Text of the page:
The War on My People: A Poem

by Diku Rogers

There is a war on my people.
We are shot in churches
and school yards,
our own neighborhoods,
and our own homes.

We are slaughtered and forgotten
for the price of
white comfort.
We are buried
in a moment of
white silence.

We become the blame
for our own funerals.
Our memorials
become hashtags
that bleed through the timelines
of those who don't care
about this trending genocide.

There is a war on my culture.
Our music,
Our style,
Our features
are being stolen and then
worn as faux battle gear.

The world is trying to tell me
that I don't have claim
to my 4c hair,
my dark brown eyes,
my melanin,
my life.

There is a war on my people.
They tell us that
we don't matter.
They tell us that we kill ourselves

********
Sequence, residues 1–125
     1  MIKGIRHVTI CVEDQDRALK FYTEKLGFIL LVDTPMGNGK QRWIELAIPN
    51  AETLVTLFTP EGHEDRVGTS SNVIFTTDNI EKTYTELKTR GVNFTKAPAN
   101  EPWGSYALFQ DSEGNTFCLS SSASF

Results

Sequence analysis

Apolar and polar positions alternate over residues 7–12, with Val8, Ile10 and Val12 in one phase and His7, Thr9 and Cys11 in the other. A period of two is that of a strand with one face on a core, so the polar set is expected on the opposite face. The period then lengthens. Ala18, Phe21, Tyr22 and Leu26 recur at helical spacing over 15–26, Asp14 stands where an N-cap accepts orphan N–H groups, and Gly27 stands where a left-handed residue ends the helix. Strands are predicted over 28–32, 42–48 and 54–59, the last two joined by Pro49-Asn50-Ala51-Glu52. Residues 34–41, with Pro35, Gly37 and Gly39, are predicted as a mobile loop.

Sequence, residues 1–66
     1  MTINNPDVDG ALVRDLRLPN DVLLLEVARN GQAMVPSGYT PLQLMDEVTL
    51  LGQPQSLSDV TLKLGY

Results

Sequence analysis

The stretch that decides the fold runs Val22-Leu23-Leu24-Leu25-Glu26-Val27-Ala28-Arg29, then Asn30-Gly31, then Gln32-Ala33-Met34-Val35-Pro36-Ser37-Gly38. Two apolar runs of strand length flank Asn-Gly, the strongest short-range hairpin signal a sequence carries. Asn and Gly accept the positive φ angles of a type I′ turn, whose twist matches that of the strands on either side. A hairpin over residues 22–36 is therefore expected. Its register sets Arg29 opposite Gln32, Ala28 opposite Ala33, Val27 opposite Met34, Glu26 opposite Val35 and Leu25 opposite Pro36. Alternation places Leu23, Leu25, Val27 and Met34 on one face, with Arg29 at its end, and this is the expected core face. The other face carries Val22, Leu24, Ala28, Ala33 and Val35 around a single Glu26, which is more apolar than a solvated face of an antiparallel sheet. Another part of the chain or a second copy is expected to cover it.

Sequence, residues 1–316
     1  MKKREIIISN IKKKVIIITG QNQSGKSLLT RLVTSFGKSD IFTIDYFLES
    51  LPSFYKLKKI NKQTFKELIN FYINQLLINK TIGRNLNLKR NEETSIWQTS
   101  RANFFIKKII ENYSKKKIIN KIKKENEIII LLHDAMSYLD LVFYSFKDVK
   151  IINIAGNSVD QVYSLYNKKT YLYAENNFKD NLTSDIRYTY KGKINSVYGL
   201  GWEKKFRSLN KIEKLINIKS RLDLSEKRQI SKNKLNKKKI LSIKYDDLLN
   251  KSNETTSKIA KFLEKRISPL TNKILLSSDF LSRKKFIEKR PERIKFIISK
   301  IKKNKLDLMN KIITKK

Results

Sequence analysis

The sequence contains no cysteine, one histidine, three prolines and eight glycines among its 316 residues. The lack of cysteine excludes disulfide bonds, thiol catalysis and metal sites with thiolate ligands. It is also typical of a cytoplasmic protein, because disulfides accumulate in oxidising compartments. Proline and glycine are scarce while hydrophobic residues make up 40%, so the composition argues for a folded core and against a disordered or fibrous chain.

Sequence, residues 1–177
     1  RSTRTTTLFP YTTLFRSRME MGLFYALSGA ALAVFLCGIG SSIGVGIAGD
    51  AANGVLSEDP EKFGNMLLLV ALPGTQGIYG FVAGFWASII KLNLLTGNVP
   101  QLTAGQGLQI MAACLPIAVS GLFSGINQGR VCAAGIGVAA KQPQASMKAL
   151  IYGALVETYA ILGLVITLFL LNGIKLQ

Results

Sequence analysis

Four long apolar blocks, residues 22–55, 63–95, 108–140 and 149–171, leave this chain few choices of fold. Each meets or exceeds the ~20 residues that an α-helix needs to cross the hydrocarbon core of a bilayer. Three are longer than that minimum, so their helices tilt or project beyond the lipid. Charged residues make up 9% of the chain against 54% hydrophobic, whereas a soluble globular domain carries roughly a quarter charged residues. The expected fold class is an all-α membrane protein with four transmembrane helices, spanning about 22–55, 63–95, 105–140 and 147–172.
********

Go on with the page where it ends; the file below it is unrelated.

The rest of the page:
to distract from the fact
that they kill us too.

Where is the bunker for the black soul?
How do my people save themselves
from the silent assassin
that is white supremacy?

Things ain't so silent anymore.
They not just assassinating our character anymore.
They are killing us in broad daylight,
in the middle of the night,
in the late evening,
in our house of prayer.

What hour is sacred for the black soul?
Is it between 9 and 5?
Is it after midnight?

Where is our safe house?
Where do we set up camp
if they told us
we have no right to home base?
Why are my people's casualties
treated so casually?

This country never loved my people.
It only loves our labor.

Photo: Shutterstock

Diku Rogers is a rising senior in college and an English major. You can send her any thoughts, questions, or positive vibes via email: